VW agrees to fix, buy back more polluting U.S. diesel vehicles

Tue Dec 20, 2016 5:57pm EST
 
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By David Shepardson

WASHINGTON (Reuters) - Volkswagen AG (VOWG_p.DE: Quote) has agreed to a $1 billion settlement to fix or buy back another 80,000 polluting diesel vehicles sold in the United States as the German automaker on Tuesday took new steps to put its emissions cheating scandal behind it.

The settlement deal covered luxury VW, Audi and Porsche vehicles with 3.0-liter engines, meaning Volkswagen has now agreed to spend as much as $17.5 billion in the United States to resolve claims from owners as well as federal and state regulators over polluting diesel vehicles.

The world's No. 2 automaker still faces the possibility of spending billions of dollars more to resolve a U.S. Justice Department criminal investigation and federal and state environmental claims, as well as oversight by a federal monitor.

The new agreement, settling part of litigation brought against VW by federal and California regulators, "is another important step forward in our efforts to make things right for our customers," Hinrich Woebcken, president and CEO of Volkswagen Group of America, said in a statement.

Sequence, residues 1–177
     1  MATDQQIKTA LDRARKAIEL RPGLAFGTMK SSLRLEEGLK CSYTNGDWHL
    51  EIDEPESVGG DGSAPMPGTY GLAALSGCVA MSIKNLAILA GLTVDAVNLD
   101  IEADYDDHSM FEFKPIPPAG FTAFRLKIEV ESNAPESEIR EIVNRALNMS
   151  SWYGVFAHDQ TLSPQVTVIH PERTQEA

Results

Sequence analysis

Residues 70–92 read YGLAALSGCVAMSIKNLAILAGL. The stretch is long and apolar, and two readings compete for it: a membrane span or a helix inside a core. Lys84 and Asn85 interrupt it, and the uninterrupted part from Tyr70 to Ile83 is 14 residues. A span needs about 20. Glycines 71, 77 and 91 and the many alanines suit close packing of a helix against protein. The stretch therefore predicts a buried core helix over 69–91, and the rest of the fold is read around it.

U.S. District Judge Charles Breyer announced the settlement during a hearing in San Francisco.

Volkswagen also agreed to boost electric vehicle efforts in California and faces additional costs as it works to finalize an agreement to provide what Breyer called "substantial compensation" to the owners of the 3.0-liter vehicles.

Breyer in October approved VW's earlier settlement worth about $15 billion with regulators and the U.S. owners of 475,000 polluting diesel vehicles with smaller 2.0-liter engines, including an offer to buy back all of the cars.

Breyer on Tuesday also said German engineering company Robert Bosch GmbH [ROBG.UL], which produced the software for the VW diesels, has agreed in principle to settle civil allegations made by U.S. diesel vehicle owners. Bosch confirmed it had reached the agreement, but said it was not accepting liability nor admitting to the allegations made in the lawsuit by owners who said the company was a knowing and active participant in VW's emissions cheating scheme.   Continued...

 
A Volkswagen logo is pictured at the newly opened Volkswagen factory in Wrzesnia, Poland, September 9, 2016. REUTERS/Kacper Pempel/File Photo - RTSSBWJ